McNamara learns nothing new from beating the Exiles
Dave Hadfield was a schoolboy convert to rugby league, the game which, one way or another, has dominated his life ever since. After working for newspapers in Shropshire and Blackpool (where he covered the fortunes of Blackpool Borough) he travelled the world, working mainly in Hong Kong and Sydney. He became The Independent's rugby league man in 1990 and has written five books on the game and broadcast extensively for Sky and the BBC. Dave played his last game at the age of 53 and would have set up a try if anyone could have been bothered supporting his break. When not writing about the sport, he now limits himself to a bit of tick and pass with his local club, the Bolton Mets. Family includes supporters - of varying degrees of dedication - of Salford, Wigan, Sheffield Eagles and St George Illawarra.
Monday 18 June 2012
It is debatable how much Steve McNamara really learned from his England team's victory over the best – or some of the best – of Super League's overseas players.
England defeated the Exiles 18-10 at St Helens and were never in serious danger of being beaten. In difficult conditions, however, the game was such a mess that it was impossible to draw many firm conclusions from it.
A monsoon deluge at Langtree Park made handling a challenge – and one to which neither side could consistently rise. All three England tries stemmed from a sound kicking game, while the home defence was equally solid.
These are the sorts of things that please coaches but hardly set pulses racing among paying customers. If many of the 11,000 crowd anticipated an International Origin match of a higher intensity than the average Super League game, let alone the State of Origin upon which it is loosely modelled, they will have been sadly disappointed.
The Exiles were not helped by a series of withdrawals from their original squad. When they dropped out, it was often hard to call up the ideal replacement, because a number of players not selected had opted for a mid-season holiday.
On top of that, Daniel Anderson's team lost its captain, Thomas Leuluai, carried off with a nasty ankle injury mid-way through the second half. With the half-back expected to be out of action for two months, his club Wigan could turn out to be the biggest losers from Saturday night.
As for the winners, Saints hooker James Roby was the obvious stand-out, asking a range of questions from dummy-half and making vital tackles. Eorl Crabtree was the most effective prop forward on show, while Sam Tomkins several times confirmed his ability to come up with the special and the unexpected – but we all knew that already.
McNamara was also pleased with the debut of Carl Ablett in the centres. His tackling was certainly up to the general standard but, like those around him, he had plenty of problems with the ball in his hands.
For him, though, it felt like a definite step up from playing for Leeds. "It was more intense," Ablett said. "It felt like a play-off game, with that war of attrition where you're playing for field position. It was a tough game out there, but with the conditions we couldn't get any rhythm into our play."
Both coaches promised a more expansive approach – weather permitting – in the second game of the series at Huddersfield on 4 July. McNamara would not be drawn on any personnel changes but there will surely be a lobby in favour of giving Danny Brough a run on his home ground.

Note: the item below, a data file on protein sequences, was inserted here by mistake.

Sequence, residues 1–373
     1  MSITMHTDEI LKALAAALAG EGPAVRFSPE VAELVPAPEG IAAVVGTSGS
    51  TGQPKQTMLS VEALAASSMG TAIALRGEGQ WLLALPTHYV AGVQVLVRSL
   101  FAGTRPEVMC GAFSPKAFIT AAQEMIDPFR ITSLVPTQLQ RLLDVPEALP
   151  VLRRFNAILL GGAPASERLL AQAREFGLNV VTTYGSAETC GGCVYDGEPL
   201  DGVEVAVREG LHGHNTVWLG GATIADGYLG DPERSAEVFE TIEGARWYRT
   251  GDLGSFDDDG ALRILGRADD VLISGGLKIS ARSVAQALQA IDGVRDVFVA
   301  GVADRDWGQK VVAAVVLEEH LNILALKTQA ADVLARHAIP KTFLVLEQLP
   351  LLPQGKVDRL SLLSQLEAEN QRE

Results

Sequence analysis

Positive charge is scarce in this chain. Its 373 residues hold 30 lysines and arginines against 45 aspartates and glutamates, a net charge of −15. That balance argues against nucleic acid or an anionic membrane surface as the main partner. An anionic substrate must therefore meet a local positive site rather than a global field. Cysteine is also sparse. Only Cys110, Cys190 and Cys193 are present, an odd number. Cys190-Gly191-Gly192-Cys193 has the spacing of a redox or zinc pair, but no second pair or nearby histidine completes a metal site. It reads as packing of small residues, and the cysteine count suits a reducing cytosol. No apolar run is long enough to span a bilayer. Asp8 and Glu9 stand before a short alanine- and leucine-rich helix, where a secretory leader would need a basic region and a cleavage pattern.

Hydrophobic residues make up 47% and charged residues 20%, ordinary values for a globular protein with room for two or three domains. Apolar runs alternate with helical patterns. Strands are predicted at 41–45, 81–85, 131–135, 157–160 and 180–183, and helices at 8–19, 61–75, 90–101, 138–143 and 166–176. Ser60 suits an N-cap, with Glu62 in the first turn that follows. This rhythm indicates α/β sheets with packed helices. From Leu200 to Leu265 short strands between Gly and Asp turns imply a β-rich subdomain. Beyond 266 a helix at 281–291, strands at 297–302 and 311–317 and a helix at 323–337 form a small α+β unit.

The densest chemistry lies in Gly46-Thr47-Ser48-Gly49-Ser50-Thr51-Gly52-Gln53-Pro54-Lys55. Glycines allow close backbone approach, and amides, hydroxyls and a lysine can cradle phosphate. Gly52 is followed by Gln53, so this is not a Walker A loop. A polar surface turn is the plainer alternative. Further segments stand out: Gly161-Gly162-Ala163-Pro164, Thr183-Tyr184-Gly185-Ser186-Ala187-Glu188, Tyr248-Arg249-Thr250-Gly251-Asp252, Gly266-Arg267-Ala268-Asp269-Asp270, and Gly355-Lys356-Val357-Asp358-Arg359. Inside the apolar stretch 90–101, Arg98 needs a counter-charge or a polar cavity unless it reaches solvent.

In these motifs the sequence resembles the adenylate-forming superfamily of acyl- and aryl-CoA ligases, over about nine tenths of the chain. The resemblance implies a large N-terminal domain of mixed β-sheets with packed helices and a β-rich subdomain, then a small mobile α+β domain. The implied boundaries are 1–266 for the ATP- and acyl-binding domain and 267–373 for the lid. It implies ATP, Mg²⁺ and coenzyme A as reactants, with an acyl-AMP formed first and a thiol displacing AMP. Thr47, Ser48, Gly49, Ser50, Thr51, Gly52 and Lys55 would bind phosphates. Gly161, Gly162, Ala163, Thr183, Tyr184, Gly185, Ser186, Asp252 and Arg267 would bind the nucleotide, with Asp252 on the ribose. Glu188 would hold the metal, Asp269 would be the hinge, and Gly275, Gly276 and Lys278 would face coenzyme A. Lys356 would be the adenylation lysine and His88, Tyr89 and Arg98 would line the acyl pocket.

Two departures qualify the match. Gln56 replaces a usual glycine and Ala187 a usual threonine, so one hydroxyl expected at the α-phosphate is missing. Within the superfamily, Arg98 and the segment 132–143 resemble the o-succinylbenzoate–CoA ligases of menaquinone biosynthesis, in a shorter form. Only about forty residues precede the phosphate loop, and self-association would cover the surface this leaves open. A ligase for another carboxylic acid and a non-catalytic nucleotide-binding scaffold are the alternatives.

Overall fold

Wales were beaten 28-16 by France in Wrexham, but a side with little top-flight experience emerged with a good deal of credit. Two tries from Warrington's Rhys Williams helped to keep them in touch, but the French, with two apiece from Cyril Stacul and Mathieu Griffi, always had the edge.
England: S Tomkins, J Charnley, C Ablett, R Atkins, R Hall, K Sinfield, R Chase, E Crabtree, J Roby, J Peacock (capt), G Hock, D Tickle, S O'Loughlin. Replacements: R Burrow, G Carvell, L Mossop, J Jones-Buchanan.
Tries: Hock, Tickle, Tomkins. Goals: Sinfield (3).
Exiles: S McDonnell, J Monaghan, I Soliola, D Millard, F Meli, T Leuluai, S Dureau, T Puletua, L Hohaia, J Lima, W Manu, T Waterhouse, D Fa'alogo. Replacements: D Faiumu, A Laffranchi, A Kaufusi, E Lauaki.
Tries: Meli, Millard. Goals: Dureau.
Referee: B Thaler.
Latest in Sport
Andy Murray tells how coach Amélie Mauresmo revealed her pregnancy
Floyd Mayweather vs Manny Pacquiao: The biggest fight of all time, or maybe just the most lucrative?
What time does Floyd Mayweather vs Manny Pacquiao start?
Everton 3 Manchester United 0 player ratings: Who scored lower - Marouane Fellaini or Radamel Falcao?
Floyd Mayweather vs Manny Pacquiao: What time does it start and where can I watch it?
- 1 Migrant crisis: Greek soldier saved 20 people singlehandedly off Rhodes beach
- 2 Sofyen Belamouadden murder: The inside story of a crime that horrified Britain
- 3 Company breaks open Apple Watch to discover what it says is 'planned obsolescence'
- 5 UK weather: Britain braced for snow as arctic air mass moves in
General Election 2015: Chuka Umunna on the benefits of immigration, humility – and his leader Ed Miliband
The sickening truth about food banks that the Tories don't want you to know
Migrant boat disaster: Ukip candidate mocks victims in sickening Twitter post
Nigel Farage wants the BBC to stop making programmes like Doctor Who, Strictly Come Dancing, and Top Gear
Global warming: Scientists say temperatures could rise by 6C by 2100 and call for action ahead of UN meeting in Paris
General Election 2015: Britain would become a 'communist dictatorship' under Ed Miliband and Nicola Sturgeon, claims wife of Michael Gove